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[Vol.84] The Way of Bonsai

Maciej Pogorzelski

Polish-Japanese Friendship Foundation NAMI

Forgive me such a personal approach, but I do have a problem with bonsai. I love gardening, especially Japanese style of gardening, and I am trying to keep my garden in a slightly Japanese style. But any time, when I have to cut a twig of a plant I do feel sorry. And in my mind I am telling to the plant something like: “Excuse me, I have to do it, it will be good for you”. It is not for any kind of religious conviction, perhaps only for a childish instinct.

However, year after year, when I am watching my garden growing, I do realize that cutting the plants is necessary. And I do cut more and more of the twigs, and the plants do look more beautiful.

Where is the limit? When I look at bonsai trees at the exhibition I just admire them. But when I watch quick bonsai formation during the demonstrations, I still cannot get rid of some terrible feeling. Anyway, this time I had to – I became a co-organizer of bonsai exhibition!

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It has started about half a year ago with the meeting of NAMI with two bonsai artist: Wlodzimierz Pietraszko and Michal Malawski – the headmasters of the Polish Bonsai Association which is luckily located in Wroclaw. Michal is a very efficient organizer, Wlodzimierz, who started bonsai popularity in Poland many years ago, talks about the art of  tree formation with great inspiration.

I was impressed with his very simple explanation what a bonsai is: just literally “a tree in a pot” and the comparison of a tree and a pot to a painting and a frame. Painting is very important in western culture and most of us do understand the relationship between the painting and its frame. We almost instinctively know which frame fits to a specific painting and which does not. Wlodzimierz usually mention paintings without the frames which were “in style” in some time of the 20th century to convince the interlocutor that bonsai without the pot is a wrong idea. I feel that there is a little overinterpretation, and I do not agree in this point – because there are not only easel-paintings without frames but also not-easel-paintings which are naturally framed (or just do not need any frame) as a part of architectonic composition. Wall-painting was a main part of the visual art during most of the human history and easel-painting is only a small part which dominated last few centuries. I wonder if the bonsai is also such dominating but not only possible style of small tree formation? I am trying to figure how would a bonsai bereft of the pot look like when it would be designed as an integral part of an architectural composition.

Let’s return to the event. I don’t expect all the preparation to be interesting for anybody – let me mention only, that it was really a great pleasure to work with so enthusiastic and professional people like bonsai artist from Polish Bonsai Association.

And finally the great day came!

I hoped that I was well prepared to meet our special guests – I have read much of on-line information available in English and I have seen many photos. I knew that they have different life histories: Koji Hiramatsu – a heir of the four generations’ tradition of bonsai cultivation, who was just born to do what he is doing, and Kevin Willson – a self-made-man who become a bonsai artist from his choice and talent only. I have learned basic information about their styles: shohin of Koji Hiramatsu and yamadori of Kevin Willson.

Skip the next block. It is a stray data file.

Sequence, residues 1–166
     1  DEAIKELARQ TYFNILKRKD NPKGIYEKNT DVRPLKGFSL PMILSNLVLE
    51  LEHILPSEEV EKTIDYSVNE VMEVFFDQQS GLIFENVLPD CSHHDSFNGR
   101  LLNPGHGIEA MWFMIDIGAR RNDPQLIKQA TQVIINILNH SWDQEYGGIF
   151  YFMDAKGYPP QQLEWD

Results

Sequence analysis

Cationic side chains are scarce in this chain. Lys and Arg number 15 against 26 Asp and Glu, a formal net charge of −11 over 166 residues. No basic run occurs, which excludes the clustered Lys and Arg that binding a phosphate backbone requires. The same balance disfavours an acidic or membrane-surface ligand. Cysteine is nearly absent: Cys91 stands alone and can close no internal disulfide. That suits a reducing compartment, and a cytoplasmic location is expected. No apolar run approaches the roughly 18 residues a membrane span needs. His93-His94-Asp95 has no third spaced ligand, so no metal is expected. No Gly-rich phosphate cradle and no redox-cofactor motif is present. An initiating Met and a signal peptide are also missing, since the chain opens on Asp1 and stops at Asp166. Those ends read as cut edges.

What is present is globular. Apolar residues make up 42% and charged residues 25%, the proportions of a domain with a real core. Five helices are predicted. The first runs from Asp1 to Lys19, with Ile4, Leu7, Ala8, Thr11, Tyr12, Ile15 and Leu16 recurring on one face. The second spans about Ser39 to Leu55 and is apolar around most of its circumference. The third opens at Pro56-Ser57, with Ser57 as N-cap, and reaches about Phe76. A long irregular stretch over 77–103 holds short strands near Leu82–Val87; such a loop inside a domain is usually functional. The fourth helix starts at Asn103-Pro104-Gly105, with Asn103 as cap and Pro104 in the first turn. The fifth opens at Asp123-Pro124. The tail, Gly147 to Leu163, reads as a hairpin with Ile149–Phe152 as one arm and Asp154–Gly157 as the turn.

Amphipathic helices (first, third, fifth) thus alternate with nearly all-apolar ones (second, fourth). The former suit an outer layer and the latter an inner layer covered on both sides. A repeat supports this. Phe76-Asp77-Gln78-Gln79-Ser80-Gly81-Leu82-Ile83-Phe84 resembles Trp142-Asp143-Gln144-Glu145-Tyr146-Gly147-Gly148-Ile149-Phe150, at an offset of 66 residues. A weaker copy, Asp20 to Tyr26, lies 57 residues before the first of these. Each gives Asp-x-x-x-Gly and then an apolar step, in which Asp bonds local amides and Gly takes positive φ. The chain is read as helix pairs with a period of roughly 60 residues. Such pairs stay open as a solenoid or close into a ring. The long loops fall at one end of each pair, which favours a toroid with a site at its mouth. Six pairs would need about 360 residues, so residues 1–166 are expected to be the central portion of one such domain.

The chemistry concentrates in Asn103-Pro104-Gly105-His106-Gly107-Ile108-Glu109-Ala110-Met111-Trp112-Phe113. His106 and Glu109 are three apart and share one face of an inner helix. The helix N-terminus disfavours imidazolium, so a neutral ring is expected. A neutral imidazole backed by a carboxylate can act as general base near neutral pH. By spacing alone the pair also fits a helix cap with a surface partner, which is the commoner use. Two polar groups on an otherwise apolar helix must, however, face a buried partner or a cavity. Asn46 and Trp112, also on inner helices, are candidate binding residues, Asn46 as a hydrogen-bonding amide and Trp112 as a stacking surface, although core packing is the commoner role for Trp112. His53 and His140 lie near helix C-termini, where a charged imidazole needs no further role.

But to say the true, the real contrast between the two guest was somehow unexpected:

At the first sight the contrast of the postures: Rubens-like great posture of Kevin Willson who looks like an inspired artist but also like a man from the a pub in Essex (please, forgive me Kevin), and the slim, typically Japanese, posture of Koji Hiramatsu.

At the second sight, the contrast of the nature: a little ribald one of Kevin Willson and modest, but cheerful of Koji Hiramatsu. And when the demonstrations and workshops started – the contrast of two ways of working: Kevin Willson working with electric devices with his characteristic look with wood shavings in his hair versus Koji Hiramatsu working only with hand-tools, acting with greater focus and reflection and using physical force only when it was necessary.

And at the end – the contrast of the final artworks – completely different but both evenly exciting.Given all these differences, one could not expect to find anything common in such original personalities, but there was just some: both artist were very direct and open and both really enjoyed their work and enjoyed to show and teach their art.

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I will remember the short instruction by Kevin Willson explaining how to make a tree to be not boring by showing the force of gravity or of the wind and I will remember Koji Hiramatsu honestly asking if the audience likes his work.

They have shown us two different paths but both paths were on the great way of bonsai.

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